Here too we find ghosts that haunt us. “Luther was an anti-semite!” the accusers cry; “He was the precursor to the holocaust!” “Luther tore the church apart!” “You Lutherans worship a man, a tradition, a German heritage. You are too conservative, too exclusive, too narrow-minded.”

The content of the Faith is what matters, not the messenger or his culture.

But the churches of the Lutheran Confession thriving in Africa know little of a Germanic culture or European problems, other than they know that it’s the Europeans who are now evangelizing them with the Gospel of Hedonism and Sexual Revolution. They recognize what we must recognize: that the content of the Faith is what matters, not the messenger or his culture. This is why the famous statues of Martin Luther show him holding up the Scriptures, and the famous painting of Cranach has him off to the side, pointing to Jesus in the center.


Confront the ghosts that haunt you with that same finger point to Jesus. Confront the ghosts that haunt you with the Words of the Holy Ghost. The Holy Spirit drives away every demon with this declaration: “Jesus Christ, your God and Lord, died for your sins and was raised again for your justification.” The Holy Spirit scatters every specter with the cry, “Behold, the Lamb of God, who takes away the sin of the world!”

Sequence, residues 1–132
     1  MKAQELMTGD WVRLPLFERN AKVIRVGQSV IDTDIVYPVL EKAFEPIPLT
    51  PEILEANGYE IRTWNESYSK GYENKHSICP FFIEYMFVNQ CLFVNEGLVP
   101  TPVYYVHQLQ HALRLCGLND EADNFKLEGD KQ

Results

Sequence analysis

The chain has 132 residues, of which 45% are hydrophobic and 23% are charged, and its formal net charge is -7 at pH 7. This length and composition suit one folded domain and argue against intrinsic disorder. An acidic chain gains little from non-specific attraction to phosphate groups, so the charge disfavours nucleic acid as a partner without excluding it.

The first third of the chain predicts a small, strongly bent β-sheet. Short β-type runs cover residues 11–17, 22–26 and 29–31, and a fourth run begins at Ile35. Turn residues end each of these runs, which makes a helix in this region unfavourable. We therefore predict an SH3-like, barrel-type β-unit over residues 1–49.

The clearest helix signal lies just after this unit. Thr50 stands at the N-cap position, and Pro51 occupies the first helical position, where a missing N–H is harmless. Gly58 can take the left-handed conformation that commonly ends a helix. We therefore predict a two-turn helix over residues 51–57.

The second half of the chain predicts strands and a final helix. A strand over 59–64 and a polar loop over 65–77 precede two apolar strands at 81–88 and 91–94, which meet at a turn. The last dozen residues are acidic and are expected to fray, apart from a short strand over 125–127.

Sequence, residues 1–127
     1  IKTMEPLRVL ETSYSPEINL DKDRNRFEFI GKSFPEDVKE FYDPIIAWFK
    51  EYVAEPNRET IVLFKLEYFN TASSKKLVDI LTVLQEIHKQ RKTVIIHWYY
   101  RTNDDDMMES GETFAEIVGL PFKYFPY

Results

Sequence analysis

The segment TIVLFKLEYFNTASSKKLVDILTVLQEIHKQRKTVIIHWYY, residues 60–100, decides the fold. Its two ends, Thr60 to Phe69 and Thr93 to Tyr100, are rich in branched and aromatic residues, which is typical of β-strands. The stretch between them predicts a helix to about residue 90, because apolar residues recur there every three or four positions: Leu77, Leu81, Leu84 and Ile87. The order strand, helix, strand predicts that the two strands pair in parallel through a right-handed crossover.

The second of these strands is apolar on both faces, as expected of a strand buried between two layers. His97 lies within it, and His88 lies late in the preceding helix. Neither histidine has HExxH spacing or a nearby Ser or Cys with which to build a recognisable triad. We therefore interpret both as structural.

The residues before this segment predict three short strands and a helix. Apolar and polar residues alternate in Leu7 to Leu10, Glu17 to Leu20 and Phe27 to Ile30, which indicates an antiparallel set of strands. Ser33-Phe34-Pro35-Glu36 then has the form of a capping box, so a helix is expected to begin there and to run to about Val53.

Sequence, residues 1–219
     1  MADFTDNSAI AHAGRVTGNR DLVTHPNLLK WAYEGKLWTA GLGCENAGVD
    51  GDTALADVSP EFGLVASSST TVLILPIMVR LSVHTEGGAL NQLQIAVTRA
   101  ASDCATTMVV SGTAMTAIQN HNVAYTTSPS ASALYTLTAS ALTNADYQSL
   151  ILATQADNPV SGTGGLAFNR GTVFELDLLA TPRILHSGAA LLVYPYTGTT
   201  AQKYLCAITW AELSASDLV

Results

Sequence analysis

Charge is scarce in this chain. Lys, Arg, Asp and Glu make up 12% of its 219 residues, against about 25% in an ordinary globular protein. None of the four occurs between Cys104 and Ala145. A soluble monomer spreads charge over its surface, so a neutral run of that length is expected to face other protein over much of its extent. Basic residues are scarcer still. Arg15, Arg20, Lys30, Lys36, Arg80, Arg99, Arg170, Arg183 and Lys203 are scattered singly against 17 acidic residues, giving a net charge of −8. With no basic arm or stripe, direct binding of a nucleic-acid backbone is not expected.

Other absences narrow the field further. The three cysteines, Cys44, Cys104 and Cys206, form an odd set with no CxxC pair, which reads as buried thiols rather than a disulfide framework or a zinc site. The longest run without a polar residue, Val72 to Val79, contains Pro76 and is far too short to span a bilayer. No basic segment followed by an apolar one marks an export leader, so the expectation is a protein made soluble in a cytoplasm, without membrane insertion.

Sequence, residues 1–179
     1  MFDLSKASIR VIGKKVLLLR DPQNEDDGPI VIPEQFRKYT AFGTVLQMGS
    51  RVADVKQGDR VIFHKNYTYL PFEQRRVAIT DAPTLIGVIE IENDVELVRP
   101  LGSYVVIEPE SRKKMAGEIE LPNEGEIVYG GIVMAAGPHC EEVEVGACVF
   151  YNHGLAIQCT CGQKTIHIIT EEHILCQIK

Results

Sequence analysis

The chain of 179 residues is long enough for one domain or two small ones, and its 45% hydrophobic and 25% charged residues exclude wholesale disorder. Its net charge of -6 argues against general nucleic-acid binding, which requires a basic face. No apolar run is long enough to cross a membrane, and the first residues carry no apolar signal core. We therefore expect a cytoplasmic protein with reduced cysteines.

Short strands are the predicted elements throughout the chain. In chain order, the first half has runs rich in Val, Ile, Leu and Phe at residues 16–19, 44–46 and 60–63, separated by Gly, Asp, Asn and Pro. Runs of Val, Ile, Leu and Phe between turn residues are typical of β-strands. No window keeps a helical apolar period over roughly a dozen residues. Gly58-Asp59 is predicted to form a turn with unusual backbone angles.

So when the ghosts haunt you of your worthlessness, say, “What of it? Yes, I am worthless, but worthy is the Lamb who was slain. In Him is all my worth, for He has made Himself my Brother, and I am now God’s beloved child. In me—even me!—He is well pleased.”

When the ghosts haunt you about your guilt, say, “True, I have fallen many times! But my Lord Jesus comes for me as a Good Shepherd seeking out His lost sheep, and even now He is carrying me home on the same shoulders that hung upon the cross.”